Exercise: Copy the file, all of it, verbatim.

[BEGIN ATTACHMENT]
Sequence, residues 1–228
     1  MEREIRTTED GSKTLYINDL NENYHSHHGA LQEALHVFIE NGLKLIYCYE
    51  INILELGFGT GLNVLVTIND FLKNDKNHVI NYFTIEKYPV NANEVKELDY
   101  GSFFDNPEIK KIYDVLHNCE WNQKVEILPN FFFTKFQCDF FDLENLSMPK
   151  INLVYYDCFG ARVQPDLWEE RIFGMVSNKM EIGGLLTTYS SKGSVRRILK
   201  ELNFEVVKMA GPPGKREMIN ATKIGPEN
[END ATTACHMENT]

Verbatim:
Sequence, residues 1–228
     1  MEREIRTTED GSKTLYINDL NENYHSHHGA LQEALHVFIE NGLKLIYCYE
    51  INILELGFGT GLNVLVTIND FLKNDKNHVI NYFTIEKYPV NANEVKELDY
   101  GSFFDNPEIK KIYDVLHNCE WNQKVEILPN FFFTKFQCDF FDLENLSMPK
   151  INLVYYDCFG ARVQPDLWEE RIFGMVSNKM EIGGLLTTYS SKGSVRRILK
   201  ELNFEVVKMA GPPGKREMIN ATKIGPEN